The final section? Allan has collected the most interesting—the most thought-provoking—articles of the entire volume into Cure Narratives For The (Post)Human Future. If I had to single any one of them out, it would be Canavan’s, which discusses fatal genetic disorders in light of some of Octavia Butler’s stories. He concludes his article, and thus the collection as a whole, with the following statement:

“In a subsubgenre of genomic science fiction filled almost exclusively with hopelessness and dread, ‘the kingdom of the sick’ in “The Evening and the Morning and the Night” stands as a striking alternative to a dominant narrative of resigned and bleak despair, insisting instead that we maintain the wide gap between individual and illness, between sufferer and suffering—reminding us that disability is not the same as death.”

It is a very thought-provoking collection, and one I’m glad to have read.

 

Table of Contents:

Introduction: Reading Disability in Science Fiction; Kathryn Allan

PART I: THEORIZING DISABILITY IN SCIENCE FICTION

1. Tools to Help You Think: Intersections between Disability Studies and the Writings of Samuel R. Delany; Joanne Woiak and Hioni Karamanos
2. The Metamorphic Body in Science Fiction: From Prosthetic Correction to Utopian Enhancement; António Fernando Cascais
3. Freaks and Extraordinary Bodies: Disability as Generic Marker in John Varley’s “Tango Charlie and Foxtrot Romeo;” Ria Cheyne
4. The Many Voices of Charlie Gordon: On the Representation of Intellectual Disability in Daniel Keyes’s Flowers for Algernon; Howard Sklar

PART II: HUMAN BOUNDARIES AND PROSTHETIC BODIES

5. Prosthetic Bodies: The Convergence of Disability, Technology and Capital in Peter Watts’ Blindsight and Ian McDonald’s River of Gods; Netty Matar
6. The Bionic Woman: Machine or Human?; Donna Binns
7. Star Wars, Limb-loss, and What it Means to be Human; Ralph Covino
8. Animal and Alien Bodies as Prostheses: Reframing Disability in Avatar and How to Train Your Dragon; Leigha McReynolds

PART III: CURE NARRATIVES FOR THE (POST)HUMAN FUTURE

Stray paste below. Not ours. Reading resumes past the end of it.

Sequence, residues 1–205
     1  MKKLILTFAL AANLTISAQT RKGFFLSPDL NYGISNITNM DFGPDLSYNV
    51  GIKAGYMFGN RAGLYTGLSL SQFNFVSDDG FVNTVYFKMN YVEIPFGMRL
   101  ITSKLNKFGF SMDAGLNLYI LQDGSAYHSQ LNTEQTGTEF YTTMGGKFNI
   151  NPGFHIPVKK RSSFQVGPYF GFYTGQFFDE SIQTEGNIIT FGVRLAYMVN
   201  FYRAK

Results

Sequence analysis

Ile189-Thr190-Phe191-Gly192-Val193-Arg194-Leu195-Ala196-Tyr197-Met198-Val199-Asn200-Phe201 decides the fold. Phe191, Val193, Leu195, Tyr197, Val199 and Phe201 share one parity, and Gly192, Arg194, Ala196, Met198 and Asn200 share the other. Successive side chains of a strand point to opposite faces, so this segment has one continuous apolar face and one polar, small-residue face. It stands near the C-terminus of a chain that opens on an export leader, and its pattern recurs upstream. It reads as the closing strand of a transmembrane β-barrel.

9. “Great Clumsy Dinosaurs”: The Disabled Body in the Posthuman World; Brent Walter Cline
10. Disabled Hero, Sick Society: Sophocles’ Philoctetes and Robert Silverberg’s The Man in the Maze; Robert W. Cape, Jr.
11. “Everything is always changing”: Autism, Normalcy, and Progress in Elizabeth Moon’s The Speed of Dark and Nancy Fulda’s “Movement;” Christy Tidwell
12. Life without Hope? Huntington’s Disease and Genetic Futurity; Gerry Canavan

 

Disability in Science Fiction is available from Palgrave Macmillan
Read an excerpt from Kathryn Allan’s introduction to the anthology here on Tor.com


Liz Bourke is a cranky person who reads books. Her blog. Her Twitter.

4 comments
Rob P Grimes
1. Rob P Grimes
Ah! for the first time my writing is fashionable!

I broke my lead character's back in the 6th chapter of my next book and had it replaced with an artificially intelligent spine... Along with some of his squishier bags and tubes - Gave him a generally perceived weakness that will more than likey turn out to be a strength if the headstrong bugger's got anything to do with it.
Rob P Grimes
2. a1ay
Animal and Alien Bodies as Prostheses: Reframing Disability in Avatar and How to Train Your Dragon; Leigha McReynolds

I was quite struck that the happy ending of "How to Train Your Dragon" involved the hero losing a limb and not really being too bothered by it. I wonder if the last 12 years of war had something to do with this; there's a lot more attention on amputees and prosthetics now.
Robert H. Bedford
3. RobB
Sarah Chorn is running a regular colum at SF Signal:
Special Needs in Strange Worlds which she originally ran at her own wonderful blog Bookworm Blues
http://www.bookwormblues.net/?s=Special+Needs+in+Strange+Worlds